The game doesn't have nearly the rules you've been brainwashed from kindergarten on to believe it does,

        You mean all those things Mrs Wilson said she was going to add to my permanent record from the 4th grade are gone?

        Free at last!!.

        --
        No, you are mistaken. I've always had this sig.
      • (Score: 0) by Anonymous Coward on Thursday July 06 2017, @05:59PM

        by Anonymous Coward on Thursday July 06 2017, @05:59PM (#535802)

        Prison is an utter waste. With these types already winning every office, public and private, the future doesn't look to bright. There really is only one cure [soylentnews.org] if you care about the future of the species.

      • (Score: 2) by Arik on Thursday July 06 2017, @08:00PM (1 child)

        by Arik (4543) on Thursday July 06 2017, @08:00PM (#535846) Journal
        "That is why sociopaths need to be put behind bars. All of them. Permanently. If that's too expensive for the rest of us, we should just kill them once we figure out they're a sociopath."

        The problem is that Congress would never vote to put themselves behind bars and you know it.
        --
        If laughter is the best medicine, who are the best doctors?
        • (Score: 0) by Anonymous Coward on Friday July 07 2017, @05:55AM

          by Anonymous Coward on Friday July 07 2017, @05:55AM (#536018)

          we should just kill them once we figure out they're a sociopath

          Hey, I found a sociopath.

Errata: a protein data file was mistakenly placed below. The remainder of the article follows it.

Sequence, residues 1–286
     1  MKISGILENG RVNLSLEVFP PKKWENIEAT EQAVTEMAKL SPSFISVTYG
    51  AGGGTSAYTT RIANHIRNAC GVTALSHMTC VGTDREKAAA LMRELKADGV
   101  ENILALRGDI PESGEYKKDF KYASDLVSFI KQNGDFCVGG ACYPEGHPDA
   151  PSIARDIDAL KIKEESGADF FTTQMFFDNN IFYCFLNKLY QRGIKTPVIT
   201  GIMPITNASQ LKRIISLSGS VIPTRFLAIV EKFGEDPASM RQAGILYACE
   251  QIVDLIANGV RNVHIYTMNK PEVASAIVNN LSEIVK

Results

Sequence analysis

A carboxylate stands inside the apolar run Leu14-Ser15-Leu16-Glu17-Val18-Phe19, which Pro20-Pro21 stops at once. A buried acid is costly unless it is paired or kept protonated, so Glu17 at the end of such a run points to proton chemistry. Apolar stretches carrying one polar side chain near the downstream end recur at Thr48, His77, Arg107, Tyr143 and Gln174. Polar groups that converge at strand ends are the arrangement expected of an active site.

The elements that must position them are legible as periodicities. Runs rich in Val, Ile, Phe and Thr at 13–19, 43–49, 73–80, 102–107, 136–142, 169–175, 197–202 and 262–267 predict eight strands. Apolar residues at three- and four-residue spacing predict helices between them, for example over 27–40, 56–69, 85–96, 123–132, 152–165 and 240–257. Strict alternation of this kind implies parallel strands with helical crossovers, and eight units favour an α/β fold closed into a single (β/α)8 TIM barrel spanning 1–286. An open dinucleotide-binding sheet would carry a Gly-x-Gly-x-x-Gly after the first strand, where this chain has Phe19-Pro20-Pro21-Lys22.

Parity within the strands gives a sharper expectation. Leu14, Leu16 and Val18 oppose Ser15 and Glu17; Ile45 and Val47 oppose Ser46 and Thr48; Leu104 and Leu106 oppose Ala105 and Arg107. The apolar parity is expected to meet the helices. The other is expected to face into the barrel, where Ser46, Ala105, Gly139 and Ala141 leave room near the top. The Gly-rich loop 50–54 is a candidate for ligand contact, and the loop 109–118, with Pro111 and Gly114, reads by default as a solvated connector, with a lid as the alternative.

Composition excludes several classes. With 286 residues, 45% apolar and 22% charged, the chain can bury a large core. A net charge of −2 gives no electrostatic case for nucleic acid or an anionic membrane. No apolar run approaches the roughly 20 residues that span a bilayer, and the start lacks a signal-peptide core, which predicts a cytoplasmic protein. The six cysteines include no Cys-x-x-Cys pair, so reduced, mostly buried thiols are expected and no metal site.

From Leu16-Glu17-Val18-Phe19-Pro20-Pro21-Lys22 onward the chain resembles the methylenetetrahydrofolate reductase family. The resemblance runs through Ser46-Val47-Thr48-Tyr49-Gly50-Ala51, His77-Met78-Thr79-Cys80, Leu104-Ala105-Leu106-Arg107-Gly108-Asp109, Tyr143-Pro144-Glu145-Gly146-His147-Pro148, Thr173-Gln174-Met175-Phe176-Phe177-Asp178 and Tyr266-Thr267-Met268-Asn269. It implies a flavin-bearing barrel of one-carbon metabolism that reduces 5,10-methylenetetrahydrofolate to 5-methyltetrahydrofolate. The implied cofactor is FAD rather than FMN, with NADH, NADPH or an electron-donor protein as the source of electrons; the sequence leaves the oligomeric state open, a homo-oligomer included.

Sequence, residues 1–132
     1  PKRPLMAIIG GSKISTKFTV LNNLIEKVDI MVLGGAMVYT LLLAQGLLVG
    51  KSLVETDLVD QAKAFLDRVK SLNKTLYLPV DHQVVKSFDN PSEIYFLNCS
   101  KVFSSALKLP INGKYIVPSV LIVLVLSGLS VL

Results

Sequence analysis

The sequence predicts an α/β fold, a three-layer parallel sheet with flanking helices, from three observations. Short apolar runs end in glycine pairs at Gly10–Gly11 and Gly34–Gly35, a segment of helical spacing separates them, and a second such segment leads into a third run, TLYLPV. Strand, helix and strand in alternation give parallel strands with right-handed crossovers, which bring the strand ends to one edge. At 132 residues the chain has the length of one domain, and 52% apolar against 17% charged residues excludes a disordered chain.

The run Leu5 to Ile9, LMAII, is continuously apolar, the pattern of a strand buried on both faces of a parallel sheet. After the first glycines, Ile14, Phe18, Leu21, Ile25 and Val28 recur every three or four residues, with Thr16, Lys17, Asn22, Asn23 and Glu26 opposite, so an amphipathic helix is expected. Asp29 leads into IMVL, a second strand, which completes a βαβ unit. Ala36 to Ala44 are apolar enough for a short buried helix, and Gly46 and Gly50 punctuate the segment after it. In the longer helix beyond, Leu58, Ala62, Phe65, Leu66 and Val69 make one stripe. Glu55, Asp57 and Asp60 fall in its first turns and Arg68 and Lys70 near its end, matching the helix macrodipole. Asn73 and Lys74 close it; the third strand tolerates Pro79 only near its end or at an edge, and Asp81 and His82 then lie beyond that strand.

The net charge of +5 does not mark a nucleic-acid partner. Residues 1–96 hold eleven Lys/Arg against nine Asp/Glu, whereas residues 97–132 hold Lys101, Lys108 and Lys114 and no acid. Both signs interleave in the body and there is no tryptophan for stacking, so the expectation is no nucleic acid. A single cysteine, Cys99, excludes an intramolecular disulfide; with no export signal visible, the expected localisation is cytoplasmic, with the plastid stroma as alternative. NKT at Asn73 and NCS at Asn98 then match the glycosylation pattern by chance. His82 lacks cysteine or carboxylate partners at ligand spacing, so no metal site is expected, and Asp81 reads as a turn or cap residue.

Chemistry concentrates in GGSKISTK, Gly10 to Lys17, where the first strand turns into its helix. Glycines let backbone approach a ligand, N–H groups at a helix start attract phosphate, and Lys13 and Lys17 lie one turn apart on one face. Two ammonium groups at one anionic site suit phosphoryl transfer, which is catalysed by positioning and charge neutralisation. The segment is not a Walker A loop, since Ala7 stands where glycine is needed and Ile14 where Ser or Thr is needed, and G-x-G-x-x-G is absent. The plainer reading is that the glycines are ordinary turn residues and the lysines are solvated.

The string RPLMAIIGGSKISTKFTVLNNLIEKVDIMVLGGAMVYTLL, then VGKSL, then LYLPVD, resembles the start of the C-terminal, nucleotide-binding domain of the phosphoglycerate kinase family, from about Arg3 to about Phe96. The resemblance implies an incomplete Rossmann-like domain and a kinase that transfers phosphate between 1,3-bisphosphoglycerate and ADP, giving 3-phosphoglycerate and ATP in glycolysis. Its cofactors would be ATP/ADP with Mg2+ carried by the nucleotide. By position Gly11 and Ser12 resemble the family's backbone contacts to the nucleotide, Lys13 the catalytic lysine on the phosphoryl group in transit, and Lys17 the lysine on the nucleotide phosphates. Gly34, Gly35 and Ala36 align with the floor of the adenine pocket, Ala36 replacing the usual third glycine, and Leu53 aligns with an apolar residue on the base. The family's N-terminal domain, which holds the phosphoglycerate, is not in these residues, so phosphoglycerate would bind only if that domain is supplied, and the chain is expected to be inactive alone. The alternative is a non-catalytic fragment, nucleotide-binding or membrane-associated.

• (Score: 4, Interesting) by frojack on Thursday July 06 2017, @05:37PM (2 children)

      by frojack (1554) Subscriber Badge on Thursday July 06 2017, @05:37PM (#535790) Journal

      How does someone like that manage to get anywhere in American society these days?

      I assure you it is far more common than you think.

      They pay (cash mostly) for critical things like food, fuel, electricity. They stiff arm anyone dumb enough to grant them any credit.

      I know this guy (lives down the street), who purchased a brand new house, committing only a small down payment. At that time he (somehow) had enough credit (or enough fake papers) to get the bank loan.

      He never paid a dime on that house, until sheriffs showed up. He then paid two or three payments, knowing just how many he had to pay to extinguish the lender's seizure papers, then he went right back to not making any payments. The lenders had to start the long paper-work train all over again to begin seizure.

      He spent a weekend in jail once when he ignored a Judge's order to appear. Not jailed for the debts he owed, but simply because he pissed off the wrong judge by ignoring the order. He confused the issue, (he thought the condo association had him thrown in jail - which is almost impossible in the US) and always paid that creditor from then on.

      It took 12 years to get him out of that house. He had all of his house pre-packed and ready to go when the Sheriffs arrived to give him 4 hours to be out. (He knew they were coming somehow). Of course he left all the furnishings, (also unpaid for), skipped out on the rest of his condo dues, and the last few months of power, gas, water bills.